Without writing a book on the subject, I'll try to address your questions as briefly as possible (even though they're somewhat off-topic).

    First of all, I kept my desk cleared of all papers. Items on my desktop were limited to a desk lamp, blotter, a decorative clip for phone messages and an in-box. I tried to attend to any paper that landed in my in-box as soon as possible and handled them only once. Of course, my credenza was a different story - it was often covered with neat piles of file folders and other stacks of bureaucratic documents that needed to be processed. Any communications that could be delegated to the assistant principal or secretary were dispensed accordingly. I tried to make it a point to return all phone calls the day they were received or at the latest the following morning. Messages from teachers received high priority - they could expect a written response, phone call or meeting from me that same day or the next.

    I definitely wished I had a better-qualified pool of applicants for vacant office positions to choose from. It seemed like I was cursed with people who had little common sense, tended not to be self-motivated and could not be trusted with confidential info. I once had an elderly secretary who couldn't even take proper phone messages and was so forgetful that I had to do many office tasks myself - unfortunately, she was a much beloved office fixture that I inherited!

    Holding staff accountable is a systemic problem that is exacerbated by the blanket of tenure. The bureaucratic process for firing a tenured teacher is so lengthy and involves so much documentation that many principals are discouraged from going there. This might explain why so many new teachers report on this forum not being rehired or reassigned.

    Building rapport with staff is a two-way street that is based on mutually-shared respect, support and trust - such relationships are developed over time. It helps to study the social dynamics of the staff to identify key individuals who occupy high-end positions in the pecking order, as well as those less assertive people who may benefit from an administrative advocate. I would always be on the lookout for examples of good teaching, so that I could give sincere compliments and positive feedback. I also applied a clinical supervision model to actively assist teachers who needed to improve their teaching skills and programs - I knew I was on the right track when a band teacher with poor classroom management skills thanked me for the help I provided.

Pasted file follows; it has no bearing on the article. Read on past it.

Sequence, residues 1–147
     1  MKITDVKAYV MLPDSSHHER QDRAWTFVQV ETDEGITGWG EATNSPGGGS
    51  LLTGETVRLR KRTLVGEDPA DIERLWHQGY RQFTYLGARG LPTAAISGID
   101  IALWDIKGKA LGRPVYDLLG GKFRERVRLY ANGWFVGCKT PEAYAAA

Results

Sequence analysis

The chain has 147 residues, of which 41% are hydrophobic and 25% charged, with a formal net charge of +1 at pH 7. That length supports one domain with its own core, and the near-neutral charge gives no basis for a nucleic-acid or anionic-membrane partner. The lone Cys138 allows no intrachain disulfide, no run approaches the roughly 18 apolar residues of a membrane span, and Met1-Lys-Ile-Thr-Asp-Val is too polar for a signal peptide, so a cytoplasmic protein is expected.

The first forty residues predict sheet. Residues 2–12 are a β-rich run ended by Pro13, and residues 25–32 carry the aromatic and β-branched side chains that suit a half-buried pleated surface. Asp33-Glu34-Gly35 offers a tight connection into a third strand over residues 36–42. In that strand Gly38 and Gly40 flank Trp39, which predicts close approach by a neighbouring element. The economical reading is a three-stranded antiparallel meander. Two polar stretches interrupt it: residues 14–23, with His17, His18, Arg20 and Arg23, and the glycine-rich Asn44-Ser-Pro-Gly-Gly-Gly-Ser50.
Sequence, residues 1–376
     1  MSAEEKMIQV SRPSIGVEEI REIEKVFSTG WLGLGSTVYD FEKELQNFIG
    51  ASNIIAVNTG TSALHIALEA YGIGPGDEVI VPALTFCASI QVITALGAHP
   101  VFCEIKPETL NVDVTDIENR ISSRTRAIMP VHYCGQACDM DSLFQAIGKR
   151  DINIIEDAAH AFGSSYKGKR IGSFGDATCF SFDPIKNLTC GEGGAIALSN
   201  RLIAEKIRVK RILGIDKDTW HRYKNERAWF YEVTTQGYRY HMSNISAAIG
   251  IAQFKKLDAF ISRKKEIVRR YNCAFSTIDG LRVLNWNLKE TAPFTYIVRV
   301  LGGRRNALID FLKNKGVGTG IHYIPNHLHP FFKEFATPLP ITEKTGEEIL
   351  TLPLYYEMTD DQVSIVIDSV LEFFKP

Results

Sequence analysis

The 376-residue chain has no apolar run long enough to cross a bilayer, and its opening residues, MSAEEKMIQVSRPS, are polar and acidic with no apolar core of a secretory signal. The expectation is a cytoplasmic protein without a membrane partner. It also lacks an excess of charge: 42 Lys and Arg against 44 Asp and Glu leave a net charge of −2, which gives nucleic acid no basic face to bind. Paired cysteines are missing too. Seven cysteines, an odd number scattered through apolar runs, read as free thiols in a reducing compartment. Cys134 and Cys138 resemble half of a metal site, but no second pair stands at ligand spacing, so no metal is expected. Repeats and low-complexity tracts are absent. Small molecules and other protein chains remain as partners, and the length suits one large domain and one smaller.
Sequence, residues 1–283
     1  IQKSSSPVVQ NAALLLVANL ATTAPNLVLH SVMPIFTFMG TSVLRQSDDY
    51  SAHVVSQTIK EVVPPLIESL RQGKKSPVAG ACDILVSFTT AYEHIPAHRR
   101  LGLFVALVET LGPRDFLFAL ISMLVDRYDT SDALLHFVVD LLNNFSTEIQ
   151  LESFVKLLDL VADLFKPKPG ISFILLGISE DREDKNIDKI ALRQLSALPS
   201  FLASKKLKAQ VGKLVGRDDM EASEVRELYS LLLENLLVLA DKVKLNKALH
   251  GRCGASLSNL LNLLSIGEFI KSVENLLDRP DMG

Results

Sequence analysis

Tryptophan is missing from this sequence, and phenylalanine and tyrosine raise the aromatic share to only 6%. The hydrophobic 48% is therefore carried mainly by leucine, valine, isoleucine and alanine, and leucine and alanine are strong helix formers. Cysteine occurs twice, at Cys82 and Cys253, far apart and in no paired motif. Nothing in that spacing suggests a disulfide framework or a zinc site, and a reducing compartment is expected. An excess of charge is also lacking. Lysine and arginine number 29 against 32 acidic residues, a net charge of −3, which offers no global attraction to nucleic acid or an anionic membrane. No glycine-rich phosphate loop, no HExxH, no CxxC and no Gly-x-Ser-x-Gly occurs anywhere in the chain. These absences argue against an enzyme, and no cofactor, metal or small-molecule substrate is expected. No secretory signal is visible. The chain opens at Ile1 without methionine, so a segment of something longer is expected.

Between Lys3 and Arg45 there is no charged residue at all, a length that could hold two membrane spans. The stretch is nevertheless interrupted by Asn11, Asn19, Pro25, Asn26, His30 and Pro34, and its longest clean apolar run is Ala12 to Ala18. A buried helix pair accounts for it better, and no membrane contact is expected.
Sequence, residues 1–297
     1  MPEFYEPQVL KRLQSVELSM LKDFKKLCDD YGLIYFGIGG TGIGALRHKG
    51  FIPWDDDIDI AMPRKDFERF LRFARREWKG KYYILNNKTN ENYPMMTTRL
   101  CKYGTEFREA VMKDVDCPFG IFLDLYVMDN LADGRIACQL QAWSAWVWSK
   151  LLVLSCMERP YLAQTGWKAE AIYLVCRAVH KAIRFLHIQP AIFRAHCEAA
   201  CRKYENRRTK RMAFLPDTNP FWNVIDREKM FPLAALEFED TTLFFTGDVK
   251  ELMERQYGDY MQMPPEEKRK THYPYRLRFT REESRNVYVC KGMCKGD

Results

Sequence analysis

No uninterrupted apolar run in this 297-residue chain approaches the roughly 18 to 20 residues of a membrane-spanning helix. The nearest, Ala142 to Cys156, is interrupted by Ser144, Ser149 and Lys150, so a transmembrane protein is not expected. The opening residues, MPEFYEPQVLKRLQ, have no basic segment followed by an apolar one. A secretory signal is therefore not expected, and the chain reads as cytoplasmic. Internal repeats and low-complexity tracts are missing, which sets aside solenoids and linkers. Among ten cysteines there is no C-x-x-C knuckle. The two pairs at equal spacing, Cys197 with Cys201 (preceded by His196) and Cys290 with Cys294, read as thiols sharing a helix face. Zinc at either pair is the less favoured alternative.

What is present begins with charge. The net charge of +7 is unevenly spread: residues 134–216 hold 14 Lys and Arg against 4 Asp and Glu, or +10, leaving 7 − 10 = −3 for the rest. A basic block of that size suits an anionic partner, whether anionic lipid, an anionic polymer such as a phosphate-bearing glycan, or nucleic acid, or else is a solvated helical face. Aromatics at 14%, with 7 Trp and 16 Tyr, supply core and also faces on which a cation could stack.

To whom a principal reports depends to a great extent on the size of the district. In a 2-school district, I reported directly to the superintendent. In a medium-sized district, I reported to both the supt. and his assistant. In a very large district, I reported to one of three assistant superintendents.

    Reports that principals have to complete vary from district to district. In the districts where I worked, independent of size, I was just expected to submit quarterly or biannual summaries of school events and accomplishments. There were monthly presentations that I made to the PTA and school board. I sometimes took the initiative to provide my boss with progress reports on new programs and initiatives and of course, there were also weekly newsletters to parents and other communications to parents and teachers.

    I believe the usual career path for most principals includes teaching experience and prior work as an assistant principal.
     
    Last edited: Jul 28, 2018